Turning to another geographic context, oral historian and hispanist Eva Léger examines the preserved ruins of the French town of Oradour-sur-Glane and their projection as a global lieu de mémoire. The author shows howthis ruined village, being first and foremost a national, state-sponsored memory space, has attracted, distilled, and generated a range of other memory discourses over time. By focusing mainly on the counter memories formulated through contemporary local memory associations, she portrays a complex memoryscape, in which she explores the borderlines between local, European and global narratives, familiar and institutional narratives, and gendered narratives. In describing this specific case study on the recovered memories of Spanish Republican exiles in Oradour-sur-Glane, which are voiced through both a French and a local Spanish memory association, Léger closely analyzes the production and recuperation of a transnational memory from below. The initiatives and contradictions between the two local associations point to the importance of local memory work previously completed in the town, to forms of generational transmission and to the power of global victim-centered discourses, all of which act as building blocks in the elaboration of new memories. Carefully, Léger signals the wounds in intimate family narratives that attempt to communicate the previously ignored stories of a collective that did not fit official national forms of remembrance. Departing from these “wounded memories”, Léger evaluates the affective significance of Oradour-sur-Glane as a space of continuous re-signification, even if it partly reproduces dominant national and gender paradigms.

In their article, archaeologists Laura Muñoz and historian Julián Chaves consider the material evidence unearthed in mass grave exhumations in Extremadura, Spain. Paying close attention to what this evidence reveals about Francoist repression more broadly, the authors describe how archaeological analyses can enrich our understanding of history. Muñoz and Chavés approach different kinds of material traces – predominantly, human remains and personal objects – as a form of forensic, historical and archaeological evidence regarding individual experiences with violence. However, they consider this evidence holistically, thereby integrating archaeological theory, method and analysis with observations regarding landscape, memory, material culture and historical process, in order to analyze how the material traces of specific violent acts can illuminate the existence of complex strategies that sought to socially control and repress those who lost the Spanish Civil War. The authors’ contribution is important in that it demonstrates how the technical expertise embedded in the disciplines of archaeology and physical anthropology can enrich our understanding of how terror was implemented not only individually, but also collectively in an attempt to establish new modes of political socialization. It is this ability to connect the tangible remains of individual persons to the repressive acts that they suffered before, during and after their deaths, that helps produce new forms of knowledge regarding the social and political context in which these various forms of violence were experienced. Rooted in scientific practice, these conclusions illuminate how techno-scientific practice can broaden our historical understandings of violence exerted as a tool for exerting control over individuals, communities and even nations.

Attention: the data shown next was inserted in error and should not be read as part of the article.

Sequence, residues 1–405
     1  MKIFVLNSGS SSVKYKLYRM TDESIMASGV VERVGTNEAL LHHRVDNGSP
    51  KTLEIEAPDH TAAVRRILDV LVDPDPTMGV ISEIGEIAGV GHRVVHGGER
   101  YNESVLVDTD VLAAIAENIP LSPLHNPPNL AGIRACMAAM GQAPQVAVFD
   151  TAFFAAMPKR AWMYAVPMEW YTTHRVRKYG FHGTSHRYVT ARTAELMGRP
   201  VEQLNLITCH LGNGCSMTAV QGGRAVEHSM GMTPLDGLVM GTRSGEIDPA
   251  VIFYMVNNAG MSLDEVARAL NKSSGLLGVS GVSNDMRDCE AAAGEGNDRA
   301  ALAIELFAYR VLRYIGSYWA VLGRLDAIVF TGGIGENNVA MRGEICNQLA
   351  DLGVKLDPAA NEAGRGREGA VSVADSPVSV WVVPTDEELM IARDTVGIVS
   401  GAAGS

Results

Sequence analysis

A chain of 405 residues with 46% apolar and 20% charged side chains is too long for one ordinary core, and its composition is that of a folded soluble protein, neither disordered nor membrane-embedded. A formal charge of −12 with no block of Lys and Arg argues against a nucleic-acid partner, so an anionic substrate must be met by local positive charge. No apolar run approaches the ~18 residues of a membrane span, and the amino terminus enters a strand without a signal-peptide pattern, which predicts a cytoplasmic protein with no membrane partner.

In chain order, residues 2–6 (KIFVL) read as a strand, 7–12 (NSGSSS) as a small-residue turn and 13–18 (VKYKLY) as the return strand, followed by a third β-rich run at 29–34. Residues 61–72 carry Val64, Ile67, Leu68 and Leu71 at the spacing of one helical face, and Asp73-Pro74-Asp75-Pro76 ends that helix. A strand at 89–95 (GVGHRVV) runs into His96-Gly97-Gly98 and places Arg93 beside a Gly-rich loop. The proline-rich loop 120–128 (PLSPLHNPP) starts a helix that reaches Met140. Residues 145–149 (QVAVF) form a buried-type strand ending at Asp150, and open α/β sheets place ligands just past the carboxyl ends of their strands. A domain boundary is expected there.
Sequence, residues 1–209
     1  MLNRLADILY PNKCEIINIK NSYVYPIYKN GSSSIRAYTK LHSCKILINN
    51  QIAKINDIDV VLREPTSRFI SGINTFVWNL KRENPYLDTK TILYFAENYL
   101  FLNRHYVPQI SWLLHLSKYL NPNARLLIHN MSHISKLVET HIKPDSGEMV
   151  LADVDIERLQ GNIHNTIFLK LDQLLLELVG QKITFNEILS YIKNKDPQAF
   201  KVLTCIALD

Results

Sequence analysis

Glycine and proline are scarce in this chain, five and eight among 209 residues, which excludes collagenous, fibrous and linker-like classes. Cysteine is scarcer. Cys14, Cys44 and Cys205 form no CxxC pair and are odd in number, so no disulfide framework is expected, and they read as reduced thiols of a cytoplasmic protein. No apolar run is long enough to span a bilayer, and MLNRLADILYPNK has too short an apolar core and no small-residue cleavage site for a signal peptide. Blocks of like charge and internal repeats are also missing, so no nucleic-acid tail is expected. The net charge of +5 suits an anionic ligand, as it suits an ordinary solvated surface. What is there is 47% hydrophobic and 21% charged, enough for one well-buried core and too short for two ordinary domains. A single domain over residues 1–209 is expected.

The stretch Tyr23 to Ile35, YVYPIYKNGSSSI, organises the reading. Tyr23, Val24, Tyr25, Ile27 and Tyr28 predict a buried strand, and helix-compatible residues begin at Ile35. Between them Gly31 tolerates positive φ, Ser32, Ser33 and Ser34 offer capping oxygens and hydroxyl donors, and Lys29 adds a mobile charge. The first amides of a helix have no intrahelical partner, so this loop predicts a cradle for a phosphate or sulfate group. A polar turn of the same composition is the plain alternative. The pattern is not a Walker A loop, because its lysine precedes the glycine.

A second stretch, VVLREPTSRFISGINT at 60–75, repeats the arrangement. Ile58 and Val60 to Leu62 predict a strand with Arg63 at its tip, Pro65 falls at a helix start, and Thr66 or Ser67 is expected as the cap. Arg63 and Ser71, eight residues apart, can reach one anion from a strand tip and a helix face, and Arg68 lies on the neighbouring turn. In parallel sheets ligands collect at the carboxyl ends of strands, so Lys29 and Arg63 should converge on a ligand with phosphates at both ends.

In his article “The archives of terror and mourning in contemporary Spain”, historian Alfonso Villalta considers the social valence of documents generated during the Franco dictatorship. Carefully describing the different “types” of archival collections that contain documentary evidence related to Francoist repression, the author maps out the complex web of archival practices, policies and assemblages that characterize the contemporary organization of archival collections that are of particular relevance to twentieth-century Spanish history. By taking into account discussions regarding the management of “terror archives” in Latin America’s Southern Cone, Villalta artfully inserts Spanish debates regarding accessibility into a comparative, transnational perspective in which archives are understood to be complex spaces in which history and memory overlap, rather than simple collections of historical sources.

Furthermore, by considering the accumulation of photographs, documents and objects in the domestic sphere, Villalta accentuates the importance that these un-official, private archives have in the processes by which victims’ kin narrate their experiences with disappearance and loss. The author argues that these other forms of documentation are key not only for the writing of history, but also for accessing and tracking the emotional responses that have grown out of extended periods of political repression. Suggesting that these emotional responses are key to fostering a more complete understanding of historical experience, Villalta accentuates the importance of subjectivity and human emotion in the production of historical knowledge. These conclusions allow the author to reflect on the benefits of establishing public memory policies that seek to recuperate, preserve, care for and circulate intimate and personal archival collections and the role that this could have in forging new collective forms of remembrance and in reinforcing shared identities based not on silence, but rather on the enunciation of lived experiences with violence.